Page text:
If you travel the academic country, as I have for conference presentations and job interviews, and if you tell humanities educators you hail from Brown, you will hear them exclaim, in a felicitous reflex of recognition: "Scholes!"
For those of you who do not know him, Robert Scholes, who is retiring in June, is the Andrew W. Mellon Professor of Humanities, a professor of English, modern culture and media, and comparative literature. To those who have encountered Scholes and his work, the titles reveal little about him, and are, in fact, a little misleading. Scholes is no ivory-tower isolationist. For years, a great portion of his energies have gone to promoting federal and state initiatives for modernizing the teaching of high school English. It sometimes seems as if everyone who teaches the subject has read his book of essays, Textual Power. His latest battle cry for reform, The Rise and Fall of English, which was published just last year and excerpted in the pages of this magazine ("Does English Matter?" September/October 1998), has generated sympathetic letters from high school teachers around the country and, even, the world.
And then there is the Scholes personality. Those who know him through his incisive, clear writing expect, perhaps, to be intimidated. Instead, they find themselves charmed by the brilliant professor with a twinkle in his eye, an abundance of infectious merriment, and an overwhelming passion for such diverse interests as computers, James Joyce, and opera. Like so many lone wayfarers who have found themselves in Providence during one of those breaks when one is supposed to fly to the refuge of one's relatives, I have enjoyed holiday dinners with Scholes and his irrepressibly hospitable wife, Jo Ann (who calls him by the decidedly unacademic nickname "Scholesie"). I have met scholars far and wide who consider themselves Scholes's children, a lineage that extends across generations. A friend who teaches at the University of New Orleans identified himself to me recently as a Scholes descendant, his own thesis adviser having been one of those ideological "sons." "So that would make me a grandson, wouldn't it?" he asked.
As Scholes prepares for the uncertain world of retirement from the full-time faculty, many stories no doubt will be told about his enormous influence. The Scholes influence tends to be a deeply personal one, and I offer my own encounter as a humble example. A decade ago, while I was in my last year as a Brown undergraduate, I realized that, although I would complete my degree with honors, I was certain that I did not know what it truly meant to be a scholar. After a dozen criticism classes, I felt that the exuberance of fine analytical writing - the kind that inspired me to read more closely - had escaped me.
Then I took "Joyce and Picasso," a multimedia survey of modernism from Paul Cezanne through Gertrude Stein and beyond, taught by Professor Scholes, who was then famous for requiring one-page papers. The logic of limiting the student to one page is on the surface simple enough. Make him or her say in 500 words what otherwise might drag on for a thousand or more. Try it: the task is daunting. Students find themselves eschewing all margins; ridding the page of double-, single-, and, finally, half-spaces and paragraph indentations; or taxing the poor lector with ever-more microscopic typefaces. It is certainly not an assignment for a faint-hearted professor. But ultimately, unexpectedly, instructor and pupil both enjoyed the inevitable results: exacting grammar, exhilarating sentences, and - imagine this! - an exercise in composition leaving taxed students wishing they could write more.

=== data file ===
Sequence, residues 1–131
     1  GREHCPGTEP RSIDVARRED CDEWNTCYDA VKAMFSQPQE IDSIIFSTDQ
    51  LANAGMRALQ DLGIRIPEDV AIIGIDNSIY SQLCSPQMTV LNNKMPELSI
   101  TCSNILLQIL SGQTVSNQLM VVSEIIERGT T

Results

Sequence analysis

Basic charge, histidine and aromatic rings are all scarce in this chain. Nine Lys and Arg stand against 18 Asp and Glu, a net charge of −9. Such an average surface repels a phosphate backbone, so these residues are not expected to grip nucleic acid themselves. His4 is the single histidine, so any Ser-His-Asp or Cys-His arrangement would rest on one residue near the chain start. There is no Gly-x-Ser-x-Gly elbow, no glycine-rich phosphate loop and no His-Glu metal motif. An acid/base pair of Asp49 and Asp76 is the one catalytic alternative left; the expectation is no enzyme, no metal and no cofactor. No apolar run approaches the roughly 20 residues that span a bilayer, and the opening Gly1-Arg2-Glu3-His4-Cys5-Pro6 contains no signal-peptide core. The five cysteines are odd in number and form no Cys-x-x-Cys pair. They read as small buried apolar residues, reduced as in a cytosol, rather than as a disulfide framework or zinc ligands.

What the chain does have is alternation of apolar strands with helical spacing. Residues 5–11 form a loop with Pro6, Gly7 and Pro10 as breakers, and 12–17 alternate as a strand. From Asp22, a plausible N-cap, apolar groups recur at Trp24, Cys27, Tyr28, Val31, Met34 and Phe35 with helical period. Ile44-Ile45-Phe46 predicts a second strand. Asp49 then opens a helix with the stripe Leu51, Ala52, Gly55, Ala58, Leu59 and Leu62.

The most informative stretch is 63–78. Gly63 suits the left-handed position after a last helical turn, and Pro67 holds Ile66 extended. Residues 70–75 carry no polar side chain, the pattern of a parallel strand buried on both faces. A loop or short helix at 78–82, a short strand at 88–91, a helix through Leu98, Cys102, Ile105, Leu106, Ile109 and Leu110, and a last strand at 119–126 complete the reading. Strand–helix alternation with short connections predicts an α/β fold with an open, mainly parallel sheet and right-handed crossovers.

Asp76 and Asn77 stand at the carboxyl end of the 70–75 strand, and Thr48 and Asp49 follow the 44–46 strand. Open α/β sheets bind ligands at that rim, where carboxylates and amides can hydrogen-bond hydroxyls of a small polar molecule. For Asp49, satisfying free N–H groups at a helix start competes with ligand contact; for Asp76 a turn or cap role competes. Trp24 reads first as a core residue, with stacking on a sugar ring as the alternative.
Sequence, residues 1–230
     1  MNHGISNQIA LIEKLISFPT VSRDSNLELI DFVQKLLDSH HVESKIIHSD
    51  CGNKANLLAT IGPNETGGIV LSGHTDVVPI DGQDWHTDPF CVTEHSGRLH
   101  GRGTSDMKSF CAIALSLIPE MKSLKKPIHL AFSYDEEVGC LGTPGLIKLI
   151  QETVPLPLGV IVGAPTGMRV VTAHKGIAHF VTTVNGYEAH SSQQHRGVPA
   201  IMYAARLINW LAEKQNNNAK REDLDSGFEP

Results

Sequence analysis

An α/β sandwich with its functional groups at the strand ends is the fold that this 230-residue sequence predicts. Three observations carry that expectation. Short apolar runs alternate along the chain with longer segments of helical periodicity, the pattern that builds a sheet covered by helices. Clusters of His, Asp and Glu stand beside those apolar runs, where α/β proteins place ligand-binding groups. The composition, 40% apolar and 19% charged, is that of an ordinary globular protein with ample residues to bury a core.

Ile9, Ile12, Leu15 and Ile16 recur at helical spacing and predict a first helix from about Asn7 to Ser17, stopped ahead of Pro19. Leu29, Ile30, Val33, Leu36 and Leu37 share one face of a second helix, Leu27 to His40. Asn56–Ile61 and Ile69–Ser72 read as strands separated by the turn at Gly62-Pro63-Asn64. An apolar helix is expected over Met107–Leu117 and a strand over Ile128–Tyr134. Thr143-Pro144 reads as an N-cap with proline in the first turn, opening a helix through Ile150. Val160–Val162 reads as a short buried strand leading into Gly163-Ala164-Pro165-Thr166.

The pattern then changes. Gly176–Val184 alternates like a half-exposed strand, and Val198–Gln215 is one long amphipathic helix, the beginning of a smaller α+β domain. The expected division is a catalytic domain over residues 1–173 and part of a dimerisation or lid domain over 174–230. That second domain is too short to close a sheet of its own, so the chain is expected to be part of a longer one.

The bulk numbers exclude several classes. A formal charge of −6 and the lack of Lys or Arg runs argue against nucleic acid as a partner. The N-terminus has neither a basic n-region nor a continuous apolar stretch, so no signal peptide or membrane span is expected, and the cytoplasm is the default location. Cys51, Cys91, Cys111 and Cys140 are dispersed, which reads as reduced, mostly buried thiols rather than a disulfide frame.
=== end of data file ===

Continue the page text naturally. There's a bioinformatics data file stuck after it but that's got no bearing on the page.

Sometime around mid-semester, I was alarmed to find myself with a string of successful one-pagers that had received marks of 8.5 and 9. (Among students in the seminar, there was some debate about whether Scholes had ever bestowed the fabled 10-out-of-10.) I had to find out why. In those days, Scholes's home, Modern Culture and Media, had progressed from its status as "the semiotics program" into a center - though it was not yet respectable enough to be the full-fledged department it became in 1993.
So off I went to his office, which was then at the foot of George Street, to timidly tell the professor that I really didn't know what I was doing right. I wanted to let him know I was worried I might break my streak without ever figuring it out. I sat across from Scholes and said, "I just start writing and revising an explication, and finally I leave on the page whatever seems the most stylish." I confessed that I was not even sure, in most of these assignments, I had developed a real thesis.
With gleaming gaze, Scholes looked at me silently for a moment. I trembled, afraid I had just exposed myself as a charlatan. Then Scholes smiled and said, "You've got it, Robert. It's all about style." The skies did not open. The trumpet did not blow. But since that day I have kept on writing for pleasure, remembering the look in Scholes's eye.
Scholes is a challenger. As an instructor of undergraduates, as an adviser of graduate students, and as an educational visionary, he is ever pushing those around him toward excellence. He cheerfully enriches the profession by accepting requests for peer reviews, by co-authoring volumes with collaborators at Brown and beyond, by posting his essays and lecture notes on the Internet, and by contributing to on-line dialogues focused on his specialties. His beneficence is neither begrudging nor patronizing. He does it because he loves it. I suspect the etymology of his surname derives directly from the word "scholar." They are certainly synonymous.
Robert Arellano's essay "Views of a Ride-By Impressionist" appeared in the November/December 1998 BAM.